1 out of 4 stars
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Guardian of Deceit, a novel by William H. Coles, centers around the life of Darwin Hastings, a 17-year-old medical school hopeful. Orphaned as a child, Darwin was staying with his aunt in Philadelphia until her most recent medical diagnosis upended both of their lives. With nowhere else to go, he was forced to move to New York and live with his wealthy cousin Luther Pinneli. This “luxurious” lifestyle was anything but what it seems, however. After becoming Luther’s personal assistant, Darwin struggles with trying to juggle his tedious medical school agenda with his eventful social life and Luther’s relentless demands. This is a journey of discovery, love, and morality that will leave readers pondering its lessons long after the novel has been finished.
First off, I was slightly skeptical to pick up this novel after having read the blurb. It appeared to be more of an incoherent conglomerate of random events and people than it did an actual story. The only reason why I pushed past my feelings of uneasiness was because of the implication that the storyline was supposedly centered around a young man’s search for love, a concept that I adore. Now that I’ve finished the novel, however, I can honestly say that my initial skepticism was completely justified. Only a mere handful of pages into the story, I found myself constantly rolling my eyes in annoyance, or rubbing my temples in frustration, with how the characters and scenes were being depicted. It seemed as if the author was trying to establish the exposition by cramming in as much background information as he possibly could in between paragraphs. While I understood the reasoning, the placement of these bits of information disrupted the flow of the dialogue and translated into really abrupt and awkward diction.
In addition to this, the more structural aspects of the novel were quite interesting as well. There were several paragraph indentations that didn’t really make much sense to me. Usually, I assume that such indentations serve to indicate a change in narrative, scene, time, etc. but in this novel, that wasn’t always the case. Sometimes it just seemed as if the indentations were simply separating a complete thought, which resulted in me being confused and disconnected from the story. This, in conjunction with the multitude of controversial and sensitive themes that were discussed—murder, race, virginity, molestation, sexual abuse, physical abuse, malpractice, exhibitionism, sexuality, etc.—made it difficult to keep track of what the main focus was supposed to be. (I would love to get into specifics, but for the sake of not revealing any spoilers, I will refrain from doing so here.) While I give the author credit for attempting to tackle so many complex topics at once, I felt as if the storylines were extremely underdeveloped as a result. Rather than being treated as passages that were supposed to evoke empathy in the reader, it felt like these scenes were presented in order to increase the amount of scandal. More often than not, the writing was quick, brief and uncomfortable, and failed to allow the reader to develop any sort of real connection with the characters.
Speaking of characters, I would like to discuss the protagonist, Darwin. My most pressing problem with him was that he was very inconsistent. Throughout the novel, he constantly went back and forth between being this confident, assertive individual, to being this meek man who seemingly couldn’t stand up for himself. There was one spot in the book, though, that was a nice change of pace. It felt more flushed out and relaxed than other parts of the novel. It was a scene with Darwin and Helen where they were conversing about the differences between love and lust in relationships. This was, without a doubt, my favorite part of the novel. For once, I felt like I actually got to see a glimpse into the personalities of the characters, and they became more human to me. This was a stark contrast to the many other characters in the novel who seemed to serve more as stereotypical depictions, rather than as actual people. The most prominent example of this can be seen through the actions of the women. I had such a strong negative reaction to how every single female character was presented in this novel. Either I was irritated with their lack of self-confidence or incredibly bothered by their blatantly rude disposition. It was such a turn off for me that I, quite honestly, almost stopped reading the book after the first couple of chapters. I also was extremely frustrated with Luther’s character as well. He was written as this illiterate, famous athlete who not only had zero respect for women but constantly manipulated those around him into indirectly supporting his terrible habits. It just didn’t seem necessary to me.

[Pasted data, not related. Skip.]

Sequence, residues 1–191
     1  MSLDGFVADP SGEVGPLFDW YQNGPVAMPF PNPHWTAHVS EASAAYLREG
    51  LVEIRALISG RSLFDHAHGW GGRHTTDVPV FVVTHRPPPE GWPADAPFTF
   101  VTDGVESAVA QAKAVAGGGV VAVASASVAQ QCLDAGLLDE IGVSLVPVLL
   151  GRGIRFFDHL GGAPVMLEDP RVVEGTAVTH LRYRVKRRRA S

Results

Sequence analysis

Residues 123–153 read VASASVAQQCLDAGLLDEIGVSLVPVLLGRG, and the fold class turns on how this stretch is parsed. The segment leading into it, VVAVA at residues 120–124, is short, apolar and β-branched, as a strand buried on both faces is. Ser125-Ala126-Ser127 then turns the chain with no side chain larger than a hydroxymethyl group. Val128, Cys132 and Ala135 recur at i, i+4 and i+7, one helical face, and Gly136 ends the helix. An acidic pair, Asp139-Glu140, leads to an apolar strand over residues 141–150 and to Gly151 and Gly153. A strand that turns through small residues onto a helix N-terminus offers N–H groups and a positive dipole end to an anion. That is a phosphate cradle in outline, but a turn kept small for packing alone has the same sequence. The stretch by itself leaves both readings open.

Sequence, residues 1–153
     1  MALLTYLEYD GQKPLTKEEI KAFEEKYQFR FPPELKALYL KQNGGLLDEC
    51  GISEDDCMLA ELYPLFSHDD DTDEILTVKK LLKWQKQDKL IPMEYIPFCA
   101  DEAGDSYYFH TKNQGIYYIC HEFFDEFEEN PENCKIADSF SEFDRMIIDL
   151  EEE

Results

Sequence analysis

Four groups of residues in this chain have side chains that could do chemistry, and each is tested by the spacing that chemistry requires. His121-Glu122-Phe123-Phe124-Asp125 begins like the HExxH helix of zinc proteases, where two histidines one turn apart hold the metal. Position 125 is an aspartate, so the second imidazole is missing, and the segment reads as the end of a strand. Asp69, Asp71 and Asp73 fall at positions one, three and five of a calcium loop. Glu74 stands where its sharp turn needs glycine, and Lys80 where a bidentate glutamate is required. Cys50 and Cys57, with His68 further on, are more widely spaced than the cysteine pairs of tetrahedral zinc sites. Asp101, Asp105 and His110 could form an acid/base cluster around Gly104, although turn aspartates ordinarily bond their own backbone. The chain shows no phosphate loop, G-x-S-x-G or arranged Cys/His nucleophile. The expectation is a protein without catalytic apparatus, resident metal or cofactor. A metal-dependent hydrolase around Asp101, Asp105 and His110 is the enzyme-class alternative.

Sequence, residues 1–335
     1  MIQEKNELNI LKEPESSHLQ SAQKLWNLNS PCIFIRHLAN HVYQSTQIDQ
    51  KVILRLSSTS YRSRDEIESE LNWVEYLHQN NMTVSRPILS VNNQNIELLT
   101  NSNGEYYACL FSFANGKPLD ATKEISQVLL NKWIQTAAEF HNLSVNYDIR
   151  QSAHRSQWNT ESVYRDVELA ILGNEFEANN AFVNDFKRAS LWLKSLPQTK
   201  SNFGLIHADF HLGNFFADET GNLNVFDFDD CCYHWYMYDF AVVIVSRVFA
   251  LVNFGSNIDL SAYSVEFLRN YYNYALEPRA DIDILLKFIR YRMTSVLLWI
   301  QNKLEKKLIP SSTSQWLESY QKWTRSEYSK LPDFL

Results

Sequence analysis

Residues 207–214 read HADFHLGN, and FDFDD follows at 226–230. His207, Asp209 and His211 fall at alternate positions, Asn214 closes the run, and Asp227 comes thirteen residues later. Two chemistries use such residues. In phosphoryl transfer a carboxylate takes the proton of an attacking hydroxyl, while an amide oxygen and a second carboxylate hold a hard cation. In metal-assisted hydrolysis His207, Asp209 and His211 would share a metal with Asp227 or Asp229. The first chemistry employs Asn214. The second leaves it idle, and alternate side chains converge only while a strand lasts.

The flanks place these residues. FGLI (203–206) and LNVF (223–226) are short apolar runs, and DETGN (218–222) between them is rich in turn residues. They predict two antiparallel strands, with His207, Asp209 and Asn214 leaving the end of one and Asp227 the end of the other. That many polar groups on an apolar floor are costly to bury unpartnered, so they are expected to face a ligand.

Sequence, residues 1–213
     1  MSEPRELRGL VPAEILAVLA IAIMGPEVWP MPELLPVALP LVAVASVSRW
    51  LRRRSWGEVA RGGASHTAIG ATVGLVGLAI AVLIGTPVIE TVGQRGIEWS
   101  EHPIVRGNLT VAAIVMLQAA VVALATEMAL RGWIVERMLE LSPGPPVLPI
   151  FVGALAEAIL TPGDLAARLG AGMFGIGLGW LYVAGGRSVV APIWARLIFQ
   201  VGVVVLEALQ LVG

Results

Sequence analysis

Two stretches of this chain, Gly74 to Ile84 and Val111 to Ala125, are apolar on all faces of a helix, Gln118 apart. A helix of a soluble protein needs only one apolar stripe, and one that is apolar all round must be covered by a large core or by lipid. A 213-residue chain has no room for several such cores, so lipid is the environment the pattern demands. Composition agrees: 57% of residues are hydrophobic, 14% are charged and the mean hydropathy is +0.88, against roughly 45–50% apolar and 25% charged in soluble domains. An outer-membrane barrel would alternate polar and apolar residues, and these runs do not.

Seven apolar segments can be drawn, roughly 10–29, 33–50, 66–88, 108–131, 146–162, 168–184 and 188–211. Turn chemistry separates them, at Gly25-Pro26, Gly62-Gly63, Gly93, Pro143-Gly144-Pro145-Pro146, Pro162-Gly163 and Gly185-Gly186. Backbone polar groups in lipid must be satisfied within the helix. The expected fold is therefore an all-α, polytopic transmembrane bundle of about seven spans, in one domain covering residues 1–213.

Whether or not Coles intended to create this novel as a satirical representation of the influence of stereotypes is beyond me. If that was his intention then I, again, give him credit for trying to tackle so many different themes in one novel. However, I felt that the overall execution was not as effective as it could’ve been and thus detracted from the messages that the novel was trying to convey. For those who like binge-watching drama shows where the conflicts just seem to disappear rather than resolve, this might be a book you’d enjoy. If that’s not really your cup of tea, or you prefer more developed and intriguing stories, then I probably wouldn’t recommend this novel to you. One thing I can definitely say with confidence, though, is that this book was anything but predictable. Unfortunately, it just wasn’t something I could relate very much to, so I’d have to rate it a total of 1 out of 4 stars.
Guardian of Deceit
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